The way that I see it, we could lose some of the best and brightest of another generation in just that way. Young people who might otherwise accumulate capital and invest it for the general benefit of mankind. Where would we be, for example, if Bill Gates had been screwing around reading novels and staring off into space instead of devoting every bit of his time, energy, and inclinations to devising MS-DOS and contractually fucking IBM? Now he is applying a chunk of the capital that he accumulated in an effort to help feed the world. (Is that the nature of his philanthropy, or is it some other wonderful thing that he and his bride are doing? I cannot remember.)

So this is Roberto Bolaño’s posthumous personal gift to me, this novel entitled 2666. It is as if he handed this to me and said, “Señor Steve, when you finish this novel, you need not read another. It will all be over, you can put it all behind you, and you can truly breathe easily at last.”

If I get the urge to read a novel in the future, if I flirt with a relapse, I will simply reread this one. The book actually consists of five different novels, each of which will be entirely new to me every time I read it. That will do no further harm. In other words, I will never be done with this one and on to another novel with a whole new set of problems. That is the thing to be avoided here.

So that’s it. No more. It’s all over. I mean it. Don’t laugh. I am serious.

* * * * * * * * * * * *

Malcolm Lowry

Malcolm Lowry (Photo credit: Wikipedia)

So much for that resolution so quickly abandoned along with a myriad others. I am now well into my second reading of Under the Volcano by Malcolm Lowry hard upon my first reading of it.

–13 June 2012.

6 Responses to “The Reading Curse”

  1. veraersilia

    You are not the only one of the school that reads novels in such a manner. I did that for many years. I went thru various other phases too. Now in my older times I primarily read history – which can be written very well, there are historians that write beautifully – I find it interesting, intellectually stimulating, but not emotional. This comment was written on Nov. 23 2012- because only today I discovered this post of yours. Regards, Vera

    Reply
    • StephenBrassawe

      Only today did I discover your comment, Vera. Sorry to be tardy in responding. After finishing “2666” I read history. In fact history was my other major in college and has been every bit as lucrative a major as the English major. Then, as I noted in the piece, I begain to backslide.

      Reply
      • veraersilia

        Thanks for your reply. Oh, yes and there was something I wanted to tell you about when I was reading novels : there were novels that I could NOT finish because they affected me so much that going on further would have “made me die” so to speak. I thought that you might understand this. It was unbearable to read any more. And I had to close that book very tight and put it away where I would not even see it. But I never threw it out because such a book is of great, great, value – only that I could not continue into it. I usually “hid” the book. I never finished reading Dr. Zhivago at all. It just generated too much emotion. I never finished The Mosquito Coast, even though I knew and loved Theroux’s acerbic wit in his travel books. And I did Cien Años de Soledad in jumps and pieces for that reason. I do not know your 2666 but I prefer to stay away from such dynamite any more. Gogol and Cechov still are like old wounds and it was a world ago when I read them as a young girl. At this age I now review my own life story as if it were a novel; if I took up one of those forbidden books again and it did not carry the same charge it would be too disappointing. Give me yet another biography of Julius Caesar or another piece of monumental Churchill; Greek, Roman and Gaulish history, even Attila, Tamerlane, etc. any day and I’ll be happy. Re-reading Thucydides right now, and a new book about O’Keeffe and Stieglitz came today. …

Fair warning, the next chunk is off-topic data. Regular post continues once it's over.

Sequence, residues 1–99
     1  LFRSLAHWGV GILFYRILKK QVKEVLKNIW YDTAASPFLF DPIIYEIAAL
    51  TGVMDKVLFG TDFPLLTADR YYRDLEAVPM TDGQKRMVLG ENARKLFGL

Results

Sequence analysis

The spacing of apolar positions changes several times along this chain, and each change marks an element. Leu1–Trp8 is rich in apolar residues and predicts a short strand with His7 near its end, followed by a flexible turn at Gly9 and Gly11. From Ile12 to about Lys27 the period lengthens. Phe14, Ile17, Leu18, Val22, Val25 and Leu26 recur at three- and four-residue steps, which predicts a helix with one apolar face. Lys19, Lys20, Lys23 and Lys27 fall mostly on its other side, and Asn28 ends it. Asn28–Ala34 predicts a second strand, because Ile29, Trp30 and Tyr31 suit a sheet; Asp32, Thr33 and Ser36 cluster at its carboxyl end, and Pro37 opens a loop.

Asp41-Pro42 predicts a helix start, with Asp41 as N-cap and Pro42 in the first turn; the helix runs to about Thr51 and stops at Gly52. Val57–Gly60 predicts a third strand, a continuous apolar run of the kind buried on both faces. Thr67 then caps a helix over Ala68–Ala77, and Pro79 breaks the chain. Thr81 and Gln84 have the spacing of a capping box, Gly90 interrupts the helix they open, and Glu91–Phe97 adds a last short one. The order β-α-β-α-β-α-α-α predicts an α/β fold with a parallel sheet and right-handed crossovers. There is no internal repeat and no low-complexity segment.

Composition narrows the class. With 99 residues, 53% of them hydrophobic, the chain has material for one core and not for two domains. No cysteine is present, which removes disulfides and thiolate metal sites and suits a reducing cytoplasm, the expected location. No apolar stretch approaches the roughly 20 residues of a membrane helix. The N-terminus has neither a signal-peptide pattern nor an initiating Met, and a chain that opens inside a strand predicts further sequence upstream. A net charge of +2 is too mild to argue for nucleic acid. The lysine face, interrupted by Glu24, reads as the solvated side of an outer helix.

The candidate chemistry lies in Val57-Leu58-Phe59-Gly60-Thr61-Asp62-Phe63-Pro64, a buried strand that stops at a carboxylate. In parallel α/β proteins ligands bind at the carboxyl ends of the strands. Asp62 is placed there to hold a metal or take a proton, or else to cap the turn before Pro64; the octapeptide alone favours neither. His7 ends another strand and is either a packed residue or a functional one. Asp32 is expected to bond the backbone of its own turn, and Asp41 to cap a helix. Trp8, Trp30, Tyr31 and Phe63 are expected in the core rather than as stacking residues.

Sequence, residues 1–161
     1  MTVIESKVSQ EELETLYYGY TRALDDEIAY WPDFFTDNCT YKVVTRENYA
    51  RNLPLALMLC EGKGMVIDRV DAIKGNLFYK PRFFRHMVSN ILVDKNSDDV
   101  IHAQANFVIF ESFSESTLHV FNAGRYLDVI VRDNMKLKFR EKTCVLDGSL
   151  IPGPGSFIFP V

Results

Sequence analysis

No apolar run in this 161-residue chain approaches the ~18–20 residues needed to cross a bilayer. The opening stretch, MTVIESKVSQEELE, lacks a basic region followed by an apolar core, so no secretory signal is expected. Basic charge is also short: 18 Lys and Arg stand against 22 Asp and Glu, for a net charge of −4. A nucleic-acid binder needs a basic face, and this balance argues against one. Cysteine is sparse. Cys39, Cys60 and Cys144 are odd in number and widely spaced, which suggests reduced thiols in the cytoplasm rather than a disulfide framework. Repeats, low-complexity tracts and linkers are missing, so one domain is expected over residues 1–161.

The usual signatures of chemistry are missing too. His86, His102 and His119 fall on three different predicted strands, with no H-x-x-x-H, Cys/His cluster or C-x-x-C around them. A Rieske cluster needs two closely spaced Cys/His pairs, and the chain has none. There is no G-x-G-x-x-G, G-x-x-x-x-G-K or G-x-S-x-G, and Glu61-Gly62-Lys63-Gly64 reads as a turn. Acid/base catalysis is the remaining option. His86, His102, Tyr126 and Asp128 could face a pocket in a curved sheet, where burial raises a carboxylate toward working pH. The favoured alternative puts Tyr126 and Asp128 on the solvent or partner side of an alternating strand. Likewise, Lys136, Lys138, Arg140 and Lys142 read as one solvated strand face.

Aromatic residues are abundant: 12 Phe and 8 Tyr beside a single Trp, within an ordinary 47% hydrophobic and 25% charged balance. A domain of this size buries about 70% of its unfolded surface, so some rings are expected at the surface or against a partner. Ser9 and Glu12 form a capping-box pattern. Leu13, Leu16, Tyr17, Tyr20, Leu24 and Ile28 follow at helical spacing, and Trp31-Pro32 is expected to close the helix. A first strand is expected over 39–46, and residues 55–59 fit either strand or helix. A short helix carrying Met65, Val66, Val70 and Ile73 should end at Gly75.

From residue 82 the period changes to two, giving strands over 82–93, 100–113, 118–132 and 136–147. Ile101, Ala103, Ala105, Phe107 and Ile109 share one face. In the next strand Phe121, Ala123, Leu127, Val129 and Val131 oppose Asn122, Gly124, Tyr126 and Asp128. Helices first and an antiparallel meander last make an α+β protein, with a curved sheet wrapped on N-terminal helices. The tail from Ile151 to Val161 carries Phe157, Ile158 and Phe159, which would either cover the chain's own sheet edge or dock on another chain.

Written on Dec. 3, 2012 for whenever in the night of time you may read it, if ever. I said what I had to say, ’tis enough.

        Reply
  2. StephenBrassawe

    I hope that you will forgive me, Vera, if I tell you that you have made me laugh. You obviously have as much difficulty maintaining Aristotle’s aesthetic distance from these things as I do.

    Reply
  3. mlhe

    Count me in. Lowery’s volcano book is on the nightstand; Laxness’s people book is right here next to me, mocking.

    Reply
    • StephenBrassawe

      Mary! What a pleasant shock to see you here. “Under the Volcano” is a novel of a strange feather. This should be interesting, your wading into it. Thank you for dropping by.

      Reply